This highlights a very interesting facet of the leadership role. Unless you can get people to believe you are worth listening to, it won’t matter what you say. Building the right relationship has to come first, with people believing that the leader is on their side, speaks their language, understands their issues and is strong enough to lead. Even if people do not agree with everything they hear, they will follow the leader they think can lead them. They look for particular characteristics in their leaders which may be different to those they look for in their friends, peers or colleagues. Consider what image of leadership you need to portray to get people on board and ready to listen to the message.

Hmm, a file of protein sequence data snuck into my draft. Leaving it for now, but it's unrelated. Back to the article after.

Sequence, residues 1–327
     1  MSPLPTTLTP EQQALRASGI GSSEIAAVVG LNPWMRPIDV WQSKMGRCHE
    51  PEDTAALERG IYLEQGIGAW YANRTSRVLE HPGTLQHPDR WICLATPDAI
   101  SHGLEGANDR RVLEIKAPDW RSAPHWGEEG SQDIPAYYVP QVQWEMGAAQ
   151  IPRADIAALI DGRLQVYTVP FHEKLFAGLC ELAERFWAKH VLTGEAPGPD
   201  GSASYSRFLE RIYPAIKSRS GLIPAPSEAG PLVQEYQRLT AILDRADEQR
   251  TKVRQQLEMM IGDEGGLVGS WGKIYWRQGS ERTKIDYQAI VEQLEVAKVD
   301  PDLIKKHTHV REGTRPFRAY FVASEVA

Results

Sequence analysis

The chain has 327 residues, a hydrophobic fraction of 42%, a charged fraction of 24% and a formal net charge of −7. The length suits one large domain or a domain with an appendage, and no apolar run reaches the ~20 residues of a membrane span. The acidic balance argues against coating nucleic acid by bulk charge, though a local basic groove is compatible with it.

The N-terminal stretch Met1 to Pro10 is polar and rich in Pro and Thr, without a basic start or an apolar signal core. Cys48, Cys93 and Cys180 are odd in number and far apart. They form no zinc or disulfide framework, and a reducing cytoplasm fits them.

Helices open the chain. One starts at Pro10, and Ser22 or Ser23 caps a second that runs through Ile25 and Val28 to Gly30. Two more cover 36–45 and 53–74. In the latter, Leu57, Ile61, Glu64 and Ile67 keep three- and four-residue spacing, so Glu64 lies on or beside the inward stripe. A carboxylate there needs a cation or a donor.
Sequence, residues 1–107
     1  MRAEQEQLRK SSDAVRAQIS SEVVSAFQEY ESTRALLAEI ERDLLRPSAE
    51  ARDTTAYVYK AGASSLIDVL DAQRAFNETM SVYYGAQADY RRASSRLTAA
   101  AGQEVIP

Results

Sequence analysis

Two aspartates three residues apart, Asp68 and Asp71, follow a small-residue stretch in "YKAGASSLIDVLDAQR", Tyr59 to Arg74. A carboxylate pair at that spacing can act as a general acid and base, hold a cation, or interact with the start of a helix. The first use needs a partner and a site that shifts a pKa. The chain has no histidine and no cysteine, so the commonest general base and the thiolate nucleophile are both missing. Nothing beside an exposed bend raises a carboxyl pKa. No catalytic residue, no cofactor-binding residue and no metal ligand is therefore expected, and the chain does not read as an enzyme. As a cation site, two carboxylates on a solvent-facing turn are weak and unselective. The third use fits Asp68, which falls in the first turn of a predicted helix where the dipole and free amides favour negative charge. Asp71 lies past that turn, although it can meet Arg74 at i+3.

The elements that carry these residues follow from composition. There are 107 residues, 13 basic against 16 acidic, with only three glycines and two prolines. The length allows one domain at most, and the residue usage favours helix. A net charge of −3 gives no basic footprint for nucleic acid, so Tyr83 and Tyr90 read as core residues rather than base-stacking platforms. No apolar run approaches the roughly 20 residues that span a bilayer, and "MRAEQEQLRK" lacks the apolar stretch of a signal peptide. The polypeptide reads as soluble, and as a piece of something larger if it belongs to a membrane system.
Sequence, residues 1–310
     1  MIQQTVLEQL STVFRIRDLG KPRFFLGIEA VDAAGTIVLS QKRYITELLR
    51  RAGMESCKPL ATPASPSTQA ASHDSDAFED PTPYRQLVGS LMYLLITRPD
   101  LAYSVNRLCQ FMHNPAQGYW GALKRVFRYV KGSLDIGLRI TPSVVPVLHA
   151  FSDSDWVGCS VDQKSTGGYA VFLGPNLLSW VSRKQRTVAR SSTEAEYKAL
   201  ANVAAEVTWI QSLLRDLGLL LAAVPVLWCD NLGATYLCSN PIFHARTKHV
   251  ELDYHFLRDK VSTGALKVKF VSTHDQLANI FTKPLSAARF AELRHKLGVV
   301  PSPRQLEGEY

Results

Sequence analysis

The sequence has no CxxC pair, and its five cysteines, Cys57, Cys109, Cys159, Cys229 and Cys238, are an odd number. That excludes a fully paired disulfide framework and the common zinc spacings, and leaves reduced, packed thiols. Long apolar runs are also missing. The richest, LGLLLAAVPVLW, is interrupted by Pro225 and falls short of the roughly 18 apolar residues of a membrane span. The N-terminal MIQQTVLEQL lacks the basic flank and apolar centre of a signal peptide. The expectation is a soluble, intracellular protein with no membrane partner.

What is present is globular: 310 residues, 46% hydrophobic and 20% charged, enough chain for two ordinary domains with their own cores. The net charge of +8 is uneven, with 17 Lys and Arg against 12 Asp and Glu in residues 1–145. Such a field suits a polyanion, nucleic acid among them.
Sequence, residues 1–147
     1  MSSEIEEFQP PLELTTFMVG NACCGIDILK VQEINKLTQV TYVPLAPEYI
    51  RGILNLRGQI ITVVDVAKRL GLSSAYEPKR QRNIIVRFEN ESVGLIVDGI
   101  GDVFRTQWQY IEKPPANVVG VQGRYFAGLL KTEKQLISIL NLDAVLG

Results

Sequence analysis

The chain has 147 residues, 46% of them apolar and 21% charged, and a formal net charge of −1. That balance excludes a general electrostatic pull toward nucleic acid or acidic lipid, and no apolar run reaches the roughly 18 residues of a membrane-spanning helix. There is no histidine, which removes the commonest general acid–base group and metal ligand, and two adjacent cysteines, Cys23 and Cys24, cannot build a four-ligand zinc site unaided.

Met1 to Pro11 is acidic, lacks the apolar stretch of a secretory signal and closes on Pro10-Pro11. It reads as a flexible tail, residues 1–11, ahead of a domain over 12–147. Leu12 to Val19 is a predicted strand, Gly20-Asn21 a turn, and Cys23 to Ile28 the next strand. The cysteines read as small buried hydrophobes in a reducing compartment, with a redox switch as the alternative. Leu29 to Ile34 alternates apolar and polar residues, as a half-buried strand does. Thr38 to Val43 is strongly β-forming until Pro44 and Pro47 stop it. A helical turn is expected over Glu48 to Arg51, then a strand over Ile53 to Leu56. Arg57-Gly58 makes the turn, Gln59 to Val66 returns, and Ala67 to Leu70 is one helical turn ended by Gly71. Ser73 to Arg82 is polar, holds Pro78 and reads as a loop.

This of course highlights another very interesting aspect of human psychology. That our values, ideas and principles stop us really listening to people we have already dismissed as irrelevant. We are all subject to these listening biases that can limit the real picture we form of a situation. Consider how often you have sat in a meeting and started to wander mentally into the world of your e-mails and future tasks, because you have already decided the speaker is not worth listening to. This may seem effective time use but can affect our understanding of situations and people.
When do you tend to dismiss the speaker as irrelevant?
When do you need to display strength in your leadership?
What do others need to see you do?